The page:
Rumble

Working For The Knife

Working For The Knife

By Daley Hooten • Rumble Contributor | Everyone! Mitski is back! I repeat, Mitski is back!

After a 3 year hiatus, singer-songwriter Mitski Miyawaki returned on October 5th with a new single and the exciting announcement of her U.S. tour. “Working for the Knife”' is the title of this new single and it's the perfect song to return with. 

I have been so excited for the new music from Mitski, so much so that I watched the music video in my Pre-Calc class instead of working on dividing complex equations (but let’s be honest, Mitski triumphs over schoolwork any day). In her music video, she incorporates visuals that allude to her previous eras; the building at the beginning references her album, “Bury Me at Makeout Creek,” and the cowboy hat she wears references her 2018 album, “Be the Cowboy.”

Mitski does an incredible job of creating a story throughout her music and her albums. In “Working for the Knife,” she starts with these powerful lyrics I'm sure so many of us can relate to: “I cry at the start of every movie/ I guess ‘cause I wish I was making things too.” She captures the hopeless feeling of not being able to achieve one's dreams and the envy that comes when seeing others live theirs out. 

She progresses her song by the use of anaphoras at the ending of each verse. She starts with, “But I’m working for the knife,” then moves to “Cause I’m working for the knife,” and then “That I’m living for the knife,” and finally ends with “That I’m dying for the knife.”

What is the knife Mitski is referring to? In a press release, Mitski says the song is about “a world that doesn’t seem to recognize your humanity.” The knife is the society that artists live in which overlooks their creativity and uniqueness. In the anaphoras, we see a shift in Mitski’s mindset. After each verse she slowly comes to terms with the world she lives in. She is at first defiant and does everything she can to separate herself from the force she is working for, but ultimately, she ends by stating how she would die for it. 

Related Items

She is not by any means energetic when accepting the fate before her, but she realizes that there's no way to escape it. I think, especially after the past couple years of realizing the many problems within our society, this song is incredibly easy to sympathize with and understand on a personal level.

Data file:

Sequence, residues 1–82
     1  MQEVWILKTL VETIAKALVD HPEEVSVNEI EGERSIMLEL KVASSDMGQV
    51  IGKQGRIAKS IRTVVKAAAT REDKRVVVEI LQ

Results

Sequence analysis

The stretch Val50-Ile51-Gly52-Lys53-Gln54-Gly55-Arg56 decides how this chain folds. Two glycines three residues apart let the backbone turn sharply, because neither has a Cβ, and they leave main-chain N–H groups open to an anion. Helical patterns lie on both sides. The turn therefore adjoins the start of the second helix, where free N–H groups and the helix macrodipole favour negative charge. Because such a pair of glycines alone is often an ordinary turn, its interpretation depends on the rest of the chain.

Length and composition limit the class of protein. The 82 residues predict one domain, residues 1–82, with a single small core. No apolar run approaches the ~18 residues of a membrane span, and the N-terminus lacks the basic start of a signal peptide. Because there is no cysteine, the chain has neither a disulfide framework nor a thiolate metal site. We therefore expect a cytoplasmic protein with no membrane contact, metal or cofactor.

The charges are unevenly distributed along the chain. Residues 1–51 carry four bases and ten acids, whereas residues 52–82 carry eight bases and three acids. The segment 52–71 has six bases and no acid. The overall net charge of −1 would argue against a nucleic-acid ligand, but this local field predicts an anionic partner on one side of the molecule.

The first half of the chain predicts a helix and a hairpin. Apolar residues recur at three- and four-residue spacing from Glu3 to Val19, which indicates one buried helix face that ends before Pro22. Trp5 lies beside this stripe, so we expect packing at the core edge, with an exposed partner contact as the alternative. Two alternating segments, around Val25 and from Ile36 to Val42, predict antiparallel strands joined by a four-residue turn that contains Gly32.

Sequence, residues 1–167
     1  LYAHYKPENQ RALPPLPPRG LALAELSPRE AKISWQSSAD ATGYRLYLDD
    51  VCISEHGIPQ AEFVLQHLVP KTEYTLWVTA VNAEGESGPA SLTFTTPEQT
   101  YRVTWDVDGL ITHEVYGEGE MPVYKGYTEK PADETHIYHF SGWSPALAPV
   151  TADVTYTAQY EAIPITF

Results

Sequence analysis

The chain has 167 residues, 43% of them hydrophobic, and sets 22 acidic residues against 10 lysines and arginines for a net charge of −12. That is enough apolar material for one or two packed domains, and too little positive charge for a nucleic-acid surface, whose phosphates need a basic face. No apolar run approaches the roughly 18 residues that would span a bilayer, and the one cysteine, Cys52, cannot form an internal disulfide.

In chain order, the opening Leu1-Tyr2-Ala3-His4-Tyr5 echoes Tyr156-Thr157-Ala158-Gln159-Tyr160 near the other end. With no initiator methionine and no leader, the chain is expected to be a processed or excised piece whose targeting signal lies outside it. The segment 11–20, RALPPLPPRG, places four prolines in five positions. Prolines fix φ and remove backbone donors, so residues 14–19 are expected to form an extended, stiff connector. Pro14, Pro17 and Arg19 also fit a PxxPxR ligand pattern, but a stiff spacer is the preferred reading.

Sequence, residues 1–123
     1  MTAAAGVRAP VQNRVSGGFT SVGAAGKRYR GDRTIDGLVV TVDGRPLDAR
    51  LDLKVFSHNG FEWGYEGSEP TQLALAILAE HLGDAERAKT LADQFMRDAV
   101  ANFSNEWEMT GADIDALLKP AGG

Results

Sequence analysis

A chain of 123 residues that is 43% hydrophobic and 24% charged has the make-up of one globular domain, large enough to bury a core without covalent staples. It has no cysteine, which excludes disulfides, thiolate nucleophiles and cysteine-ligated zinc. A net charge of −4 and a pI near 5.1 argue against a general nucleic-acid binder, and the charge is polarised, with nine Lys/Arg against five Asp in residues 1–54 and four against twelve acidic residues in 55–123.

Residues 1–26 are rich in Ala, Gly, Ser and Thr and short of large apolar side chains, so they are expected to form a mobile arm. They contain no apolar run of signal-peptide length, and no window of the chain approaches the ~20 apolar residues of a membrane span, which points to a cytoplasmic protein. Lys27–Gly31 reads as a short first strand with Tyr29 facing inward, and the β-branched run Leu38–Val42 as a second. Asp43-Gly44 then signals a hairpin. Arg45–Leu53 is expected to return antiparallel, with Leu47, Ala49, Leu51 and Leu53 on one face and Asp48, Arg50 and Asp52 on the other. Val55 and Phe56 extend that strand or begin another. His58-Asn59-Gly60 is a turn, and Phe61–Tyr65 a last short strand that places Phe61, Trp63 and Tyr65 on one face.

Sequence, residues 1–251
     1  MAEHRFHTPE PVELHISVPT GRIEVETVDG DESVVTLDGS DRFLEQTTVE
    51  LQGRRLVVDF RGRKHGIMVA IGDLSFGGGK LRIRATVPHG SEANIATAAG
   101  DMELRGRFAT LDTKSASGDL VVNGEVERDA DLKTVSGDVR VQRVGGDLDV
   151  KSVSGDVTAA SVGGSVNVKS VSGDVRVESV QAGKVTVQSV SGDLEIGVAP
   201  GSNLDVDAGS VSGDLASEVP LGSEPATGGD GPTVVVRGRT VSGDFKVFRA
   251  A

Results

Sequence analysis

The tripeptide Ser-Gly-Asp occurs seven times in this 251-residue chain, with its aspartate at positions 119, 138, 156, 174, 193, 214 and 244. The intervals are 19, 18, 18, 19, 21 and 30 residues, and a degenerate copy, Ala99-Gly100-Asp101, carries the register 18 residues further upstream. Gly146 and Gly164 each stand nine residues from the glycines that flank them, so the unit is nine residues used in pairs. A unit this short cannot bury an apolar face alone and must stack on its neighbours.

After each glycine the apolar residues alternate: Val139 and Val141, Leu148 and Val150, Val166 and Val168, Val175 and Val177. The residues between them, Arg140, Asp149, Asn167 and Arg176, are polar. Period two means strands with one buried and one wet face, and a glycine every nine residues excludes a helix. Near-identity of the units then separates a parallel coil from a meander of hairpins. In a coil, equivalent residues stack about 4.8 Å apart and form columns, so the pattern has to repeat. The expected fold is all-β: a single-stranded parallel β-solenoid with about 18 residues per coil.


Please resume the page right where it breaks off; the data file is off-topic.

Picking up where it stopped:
Over the first stage of quarantine, when we were all confined to our houses, I gained a lot of free time which I used to listen to new music. I discovered a lot of artists during quarantine — Mitski being prominent among them. Her songs are so soul-bearing and melancholy but also captivating. A lot of her songs deal with the topic of loneliness, which was reassuring during such an isolating time for me. Mitski’s music made me feel like it was ok to feel lonely, so I often listened to her to feel comforted (or to just let out a good cry). 

What I especially love about Mitski is how she can sing about extremely dense topics so simplistically. For example, in her song “Francis Forever,” she sings “On sunny days I go out walking/ I end up on a tree-lined street/ I look up at the gaps of sunlight/ I miss you more than anything.” This verse is the one that always gets me. 

Although some of her lyrics are unadorned with the complexities seen in other sad songs, she can still punch you right in the gut. The fact that such a simple verse is able to twist your stomach is what makes her music so impactful. “Working For the Knife” was the perfect song for Mitski to return with. I cannot wait to see what else she has for us.   

 

(Daley Hooten is a high school student, writer and music aficionado living in Asheville, North Carolina. This email address is being protected from spambots. You need JavaScript enabled to view it..) 

Leave a comment

1 comment

  • Daley,
    Your connections and insights are far beyond your years! Thank you for introducing me to a new artist and for your incredible passion.

    posted by Betsy

    Thursday, 10/21/2021

Smokey Mountain News Logo
SUPPORT THE SMOKY MOUNTAIN NEWS AND
INDEPENDENT, AWARD-WINNING JOURNALISM
Go to top
Payment Information

/

At our inception 20 years ago, we chose to be different. Unlike other news organizations, we made the decision to provide in-depth, regional reporting free to anyone who wanted access to it. We don’t plan to change that model. Support from our readers will help us maintain and strengthen the editorial independence that is crucial to our mission to help make Western North Carolina a better place to call home. If you are able, please support The Smoky Mountain News.

The Smoky Mountain News is a wholly private corporation. Reader contributions support the journalistic mission of SMN to remain independent. Your support of SMN does not constitute a charitable donation. If you have a question about contributing to SMN, please contact us.